* Note that it took me more than an hour to write this transcript, which is why I won't be doing much of this.
greygirlbeast: (Barker)
1. Yesterday, I did 1,107 words on the piece I'm still calling "Untitled 35," but which I hope to find an actual title for (though, on the other hand, I'm rather fond of "untitling" pieces, as I've always felt titles were such strange literary artifices). It's going very well. I may finish it today. I think I've managed to construct a future syntax that's mostly believable and also comprehensible to the present-day reader without resorting to a glossary. It's involved everything from revived 1920s jargon to technobabble neologisms to pidgin French to riffs on Cockney rhyming slang.

2. I am doing my best not to think about how The Wolf Who Cried Girl is currently not getting written. Other things are getting written, instead, and it all has to be written; in the end, it'll all balance out.

3. The mystery of the provenance of the "Bowie" quote— "It's a dream-kill-dream world in here..." —has been solved. My thanks to [ profile] musey_q for digging back though older blog entries, and the comments to blog entries, and discovering that the quote dates back to January 6th and January 7th, 2008. However, turns out, neither Bowie nor I are the author. The line was coined by [ profile] jacobluest. This was during a bout of recurring dreams that I was trying to deal with— the orange man on the space zeppelin, that bout —and [ profile] jacobluest commented (on January 6th):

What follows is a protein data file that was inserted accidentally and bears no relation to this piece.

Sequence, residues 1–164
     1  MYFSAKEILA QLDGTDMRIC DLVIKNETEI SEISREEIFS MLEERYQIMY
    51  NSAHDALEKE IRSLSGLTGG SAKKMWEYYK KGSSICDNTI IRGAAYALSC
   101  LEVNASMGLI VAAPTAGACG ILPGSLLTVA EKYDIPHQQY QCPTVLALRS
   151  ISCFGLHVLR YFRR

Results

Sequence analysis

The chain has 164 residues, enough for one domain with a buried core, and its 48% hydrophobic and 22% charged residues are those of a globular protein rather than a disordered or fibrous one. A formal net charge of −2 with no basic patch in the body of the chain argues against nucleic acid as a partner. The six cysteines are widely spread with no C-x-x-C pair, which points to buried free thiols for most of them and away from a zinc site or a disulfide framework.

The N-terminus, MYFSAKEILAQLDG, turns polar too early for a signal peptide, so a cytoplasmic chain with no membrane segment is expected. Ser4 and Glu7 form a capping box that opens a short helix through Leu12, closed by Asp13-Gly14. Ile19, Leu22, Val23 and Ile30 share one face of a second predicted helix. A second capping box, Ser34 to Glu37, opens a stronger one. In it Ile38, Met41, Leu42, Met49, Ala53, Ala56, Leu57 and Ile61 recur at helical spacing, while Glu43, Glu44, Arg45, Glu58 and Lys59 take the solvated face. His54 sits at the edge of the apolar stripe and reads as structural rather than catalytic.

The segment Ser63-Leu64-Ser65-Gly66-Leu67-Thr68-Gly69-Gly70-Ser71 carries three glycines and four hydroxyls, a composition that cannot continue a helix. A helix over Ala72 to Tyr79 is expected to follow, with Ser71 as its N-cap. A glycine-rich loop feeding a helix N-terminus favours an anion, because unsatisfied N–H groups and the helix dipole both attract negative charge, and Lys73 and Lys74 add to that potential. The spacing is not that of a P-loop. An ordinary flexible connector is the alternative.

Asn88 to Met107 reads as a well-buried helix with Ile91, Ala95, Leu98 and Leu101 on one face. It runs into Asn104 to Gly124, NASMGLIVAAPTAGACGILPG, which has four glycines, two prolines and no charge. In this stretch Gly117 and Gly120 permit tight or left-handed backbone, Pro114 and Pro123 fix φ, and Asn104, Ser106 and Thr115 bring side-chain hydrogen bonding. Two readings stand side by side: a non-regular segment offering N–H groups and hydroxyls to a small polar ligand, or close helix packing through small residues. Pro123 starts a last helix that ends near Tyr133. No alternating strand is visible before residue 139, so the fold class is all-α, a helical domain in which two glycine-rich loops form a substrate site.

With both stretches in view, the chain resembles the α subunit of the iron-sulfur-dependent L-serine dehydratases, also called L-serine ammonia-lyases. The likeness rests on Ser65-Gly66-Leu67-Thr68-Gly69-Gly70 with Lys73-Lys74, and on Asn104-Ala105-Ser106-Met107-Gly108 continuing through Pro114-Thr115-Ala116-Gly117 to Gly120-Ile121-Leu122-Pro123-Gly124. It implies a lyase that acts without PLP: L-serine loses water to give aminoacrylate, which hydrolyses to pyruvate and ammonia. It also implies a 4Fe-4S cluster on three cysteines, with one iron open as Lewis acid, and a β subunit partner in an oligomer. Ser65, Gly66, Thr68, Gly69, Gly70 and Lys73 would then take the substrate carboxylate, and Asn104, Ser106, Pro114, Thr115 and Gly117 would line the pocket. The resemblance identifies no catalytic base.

I have to admit, I envy you your dreams. I'm one of the lucky ones I suppose, whose dreams are balanced between distractingly epic and restively mundane. As a side note, you showed up a few nights ago in a gunfight of programmable matter. No hard feelings right? It's a dream-kill-dream world in here...

So..mystery solved. Regardless, it's a beautiful line, and I regret I am so damn forgetful and didn't credit its author in the chapbook. I'll try to remedy that at some point in the future. What's weird, [missing text]

4. It seems we have some serious snow on the way. Spooky will be heading out soon to lay in supplies for a couple of days.